that other nations will undersell us, and by that means deprive us of a market for our manufactures. But this we well know is not the case ver. How foon it may be; God only knows; but it will be then, and then only, that we can poslibly feel the burdens which Mr. Bird speaks of-until then, they are merely imaginary. Mr. Bird does indeed say that this evil has actually overtaken us, and that we have already lost the greater part of our foreign trade. He must give us leave to doub: this, for, in most of our manufactures, men are more wanied than work at present-May it ever remain so !

Mr. Bird's scheme for paying this enormous debt depends on a cal. culation which we much fear can never be verified; or put in praca tice until men are made differently from what they now are, or, we fear, ever will be. He estimates the whole landed property of Great Britain at 1000 millions, and personal property as as much. All this may be very true, for aught that we know, and we hope it is. But, here comes the rub: every man is to give in a true eftimate of his whole property, and yield up to government a twentieth part of it; which when every one has honestly done, if there be aay truth in arithmetic, and the above estimation of property, it will amount to 100 millions. The parional debt he eslimates at 180 millions; 140' millions of this he supposes belong to ourselves, and the remaining' 40 millions to foreigners : this 140 millions he proposes to pay off at 60 per cent ; at which price he thinks the holders of Nock will have a good bargain ; and at this rate, 140 millions will be paid off with 84 millions; consequently, 16 millions will be left, at the disposal of the Fird Lord of the Treasury, to be applied to the services of the ensuing year, or to the payment of unsunded debts. We cannot help remarking, that it is very probable molt of the Stockholders will think differently from Mr. Bird, and look on themselves a's hardly dealt with, in being obliged to part with their flock for 60 per cent, which many of them bought at 99, and some ar more than par, and have to give up one-twentieth of what may remain afterwards : but we apprehend they may relt satisfied that this will not speedily be required of them. Art. 15. Strixtures on a Pamphlet entitled Facts to Landholda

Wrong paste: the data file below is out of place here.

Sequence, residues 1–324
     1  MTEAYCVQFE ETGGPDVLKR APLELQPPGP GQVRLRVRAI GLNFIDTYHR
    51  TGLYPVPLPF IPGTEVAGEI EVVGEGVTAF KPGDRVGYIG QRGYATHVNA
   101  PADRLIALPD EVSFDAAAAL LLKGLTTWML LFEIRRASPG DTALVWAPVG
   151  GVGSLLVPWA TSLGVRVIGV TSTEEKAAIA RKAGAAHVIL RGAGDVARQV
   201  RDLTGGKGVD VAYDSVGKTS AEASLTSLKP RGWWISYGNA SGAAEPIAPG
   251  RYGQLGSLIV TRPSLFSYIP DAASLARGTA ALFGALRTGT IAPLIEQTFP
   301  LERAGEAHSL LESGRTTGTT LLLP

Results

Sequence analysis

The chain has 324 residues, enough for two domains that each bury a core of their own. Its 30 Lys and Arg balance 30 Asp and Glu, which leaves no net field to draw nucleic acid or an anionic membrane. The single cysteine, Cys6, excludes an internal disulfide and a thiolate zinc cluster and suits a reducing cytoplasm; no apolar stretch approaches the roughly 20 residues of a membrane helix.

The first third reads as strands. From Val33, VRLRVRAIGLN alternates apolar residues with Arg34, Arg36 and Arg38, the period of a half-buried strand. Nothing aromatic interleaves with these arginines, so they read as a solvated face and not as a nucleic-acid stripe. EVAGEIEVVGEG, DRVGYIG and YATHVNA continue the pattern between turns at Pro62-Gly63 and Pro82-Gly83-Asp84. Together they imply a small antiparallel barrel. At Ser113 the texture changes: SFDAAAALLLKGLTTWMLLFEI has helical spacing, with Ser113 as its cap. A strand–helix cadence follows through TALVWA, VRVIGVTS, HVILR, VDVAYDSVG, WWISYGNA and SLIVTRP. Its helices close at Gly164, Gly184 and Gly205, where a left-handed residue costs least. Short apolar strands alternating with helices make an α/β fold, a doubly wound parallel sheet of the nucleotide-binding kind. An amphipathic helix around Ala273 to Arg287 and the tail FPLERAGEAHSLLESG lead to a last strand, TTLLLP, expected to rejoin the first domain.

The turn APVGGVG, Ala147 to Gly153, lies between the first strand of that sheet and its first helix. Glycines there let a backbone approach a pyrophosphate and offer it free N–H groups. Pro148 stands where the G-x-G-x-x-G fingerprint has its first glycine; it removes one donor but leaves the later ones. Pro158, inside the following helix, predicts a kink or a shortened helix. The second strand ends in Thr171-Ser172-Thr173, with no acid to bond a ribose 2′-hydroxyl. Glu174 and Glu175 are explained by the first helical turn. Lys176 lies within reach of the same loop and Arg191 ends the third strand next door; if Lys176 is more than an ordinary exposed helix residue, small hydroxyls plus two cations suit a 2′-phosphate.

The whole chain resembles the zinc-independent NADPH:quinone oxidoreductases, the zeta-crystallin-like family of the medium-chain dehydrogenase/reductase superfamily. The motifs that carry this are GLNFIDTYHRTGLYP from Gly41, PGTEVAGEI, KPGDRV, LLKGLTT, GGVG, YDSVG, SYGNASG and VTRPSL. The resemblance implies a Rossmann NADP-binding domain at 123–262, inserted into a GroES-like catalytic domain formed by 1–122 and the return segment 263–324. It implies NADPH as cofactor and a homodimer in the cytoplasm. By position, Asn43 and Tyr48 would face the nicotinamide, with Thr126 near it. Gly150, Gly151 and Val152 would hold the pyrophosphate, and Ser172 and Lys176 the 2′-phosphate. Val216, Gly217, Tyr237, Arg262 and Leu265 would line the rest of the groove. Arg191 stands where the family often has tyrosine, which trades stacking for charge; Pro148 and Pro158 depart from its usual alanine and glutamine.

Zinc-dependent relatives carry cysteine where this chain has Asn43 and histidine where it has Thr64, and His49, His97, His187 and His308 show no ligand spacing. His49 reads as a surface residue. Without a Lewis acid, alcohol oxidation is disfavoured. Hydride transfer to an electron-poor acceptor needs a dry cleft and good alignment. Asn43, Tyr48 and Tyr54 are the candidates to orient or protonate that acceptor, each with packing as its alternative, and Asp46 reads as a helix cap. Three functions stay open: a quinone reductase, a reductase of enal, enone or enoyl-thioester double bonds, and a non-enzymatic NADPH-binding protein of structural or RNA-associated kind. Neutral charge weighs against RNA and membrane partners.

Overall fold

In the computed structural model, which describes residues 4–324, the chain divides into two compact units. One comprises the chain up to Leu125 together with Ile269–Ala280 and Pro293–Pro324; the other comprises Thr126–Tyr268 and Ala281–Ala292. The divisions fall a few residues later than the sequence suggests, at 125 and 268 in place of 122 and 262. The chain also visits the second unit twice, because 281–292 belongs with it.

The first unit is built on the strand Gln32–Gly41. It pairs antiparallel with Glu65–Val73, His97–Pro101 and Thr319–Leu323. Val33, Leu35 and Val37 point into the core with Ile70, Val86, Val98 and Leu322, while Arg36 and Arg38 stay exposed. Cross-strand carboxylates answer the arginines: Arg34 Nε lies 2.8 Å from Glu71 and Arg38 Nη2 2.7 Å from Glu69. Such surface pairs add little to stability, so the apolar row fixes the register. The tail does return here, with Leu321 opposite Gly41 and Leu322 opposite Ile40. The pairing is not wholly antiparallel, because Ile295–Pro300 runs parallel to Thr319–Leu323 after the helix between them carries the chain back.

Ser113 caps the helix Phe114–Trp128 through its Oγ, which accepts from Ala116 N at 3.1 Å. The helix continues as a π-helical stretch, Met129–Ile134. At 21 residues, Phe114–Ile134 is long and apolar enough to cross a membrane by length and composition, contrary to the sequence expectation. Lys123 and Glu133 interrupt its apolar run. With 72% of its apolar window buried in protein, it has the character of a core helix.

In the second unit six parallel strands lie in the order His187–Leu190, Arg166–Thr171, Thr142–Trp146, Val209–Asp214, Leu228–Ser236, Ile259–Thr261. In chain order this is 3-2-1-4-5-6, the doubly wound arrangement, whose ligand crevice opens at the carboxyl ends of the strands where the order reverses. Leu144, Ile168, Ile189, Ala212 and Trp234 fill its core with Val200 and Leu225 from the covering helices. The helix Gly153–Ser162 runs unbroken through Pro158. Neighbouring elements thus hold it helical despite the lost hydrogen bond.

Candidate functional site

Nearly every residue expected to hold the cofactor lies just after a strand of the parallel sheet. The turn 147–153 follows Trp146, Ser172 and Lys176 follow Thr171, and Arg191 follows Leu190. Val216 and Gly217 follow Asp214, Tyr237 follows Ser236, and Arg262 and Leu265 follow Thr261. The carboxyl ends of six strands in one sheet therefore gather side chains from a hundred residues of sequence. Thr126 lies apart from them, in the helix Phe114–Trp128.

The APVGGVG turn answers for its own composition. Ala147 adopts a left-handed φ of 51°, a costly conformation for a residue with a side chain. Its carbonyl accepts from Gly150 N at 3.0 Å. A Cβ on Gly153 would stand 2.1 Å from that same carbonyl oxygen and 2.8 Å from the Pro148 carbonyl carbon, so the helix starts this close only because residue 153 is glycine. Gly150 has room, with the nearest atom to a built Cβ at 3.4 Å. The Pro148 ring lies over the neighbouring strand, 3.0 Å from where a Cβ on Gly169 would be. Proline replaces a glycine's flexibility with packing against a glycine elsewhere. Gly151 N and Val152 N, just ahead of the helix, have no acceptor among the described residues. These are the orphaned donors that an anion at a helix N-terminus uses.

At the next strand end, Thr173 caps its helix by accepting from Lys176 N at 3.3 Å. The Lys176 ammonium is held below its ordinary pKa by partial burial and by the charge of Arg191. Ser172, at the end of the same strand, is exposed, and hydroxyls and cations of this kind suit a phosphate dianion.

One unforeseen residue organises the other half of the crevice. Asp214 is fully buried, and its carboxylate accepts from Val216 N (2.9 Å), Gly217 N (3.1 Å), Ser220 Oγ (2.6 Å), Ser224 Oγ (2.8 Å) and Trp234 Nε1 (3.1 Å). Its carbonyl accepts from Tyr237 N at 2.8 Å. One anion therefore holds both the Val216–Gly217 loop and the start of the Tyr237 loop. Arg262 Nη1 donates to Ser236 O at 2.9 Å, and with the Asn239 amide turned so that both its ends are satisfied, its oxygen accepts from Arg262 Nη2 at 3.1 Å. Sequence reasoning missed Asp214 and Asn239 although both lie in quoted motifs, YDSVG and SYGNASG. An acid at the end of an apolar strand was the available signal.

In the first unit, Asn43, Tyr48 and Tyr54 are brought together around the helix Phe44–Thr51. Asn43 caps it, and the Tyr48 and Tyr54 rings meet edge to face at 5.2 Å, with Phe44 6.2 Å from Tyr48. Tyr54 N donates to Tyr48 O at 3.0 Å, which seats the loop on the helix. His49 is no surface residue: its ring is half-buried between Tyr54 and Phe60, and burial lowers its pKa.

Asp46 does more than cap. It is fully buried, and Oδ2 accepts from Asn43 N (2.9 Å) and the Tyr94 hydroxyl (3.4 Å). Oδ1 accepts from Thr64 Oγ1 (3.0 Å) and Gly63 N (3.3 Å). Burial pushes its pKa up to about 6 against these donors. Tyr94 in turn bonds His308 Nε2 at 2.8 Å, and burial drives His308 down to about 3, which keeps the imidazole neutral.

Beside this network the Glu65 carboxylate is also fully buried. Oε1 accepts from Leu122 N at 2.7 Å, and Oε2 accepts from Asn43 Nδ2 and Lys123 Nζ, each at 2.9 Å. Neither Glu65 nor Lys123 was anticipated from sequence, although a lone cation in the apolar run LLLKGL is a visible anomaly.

ers, Stockholders, &c." By a Volunteer. 8vo. 1 s. 6 d. Faulder. 1780.

This volunteer in the service of Administration has confidered the celebrated pamphler entitled Facts, &c. (See Review for January lait] .with great attention, and offers many remarks on that performance, which appear to merit the regard of the Public: we thould always hear the other fide. Art. 16.' A Letter from a Gentleman in the English House of

Commons, in Vindication of his Conduct, with regard to the Atfairs of Ireland. Addressed to a Member of the Irish Parliament. 8vo. 1 s. 6d. Bew. 1780.

By "a Gentleman in the English House of Commons,' we are to understand - Mr. Edmund Burke-whose parliamentary conduct, with regard to the late national advantages lo successfully coniended for by Ireland, is the subject of this very masterly apology. We have no doubs that this letter is the genuine production of Mr. Burke's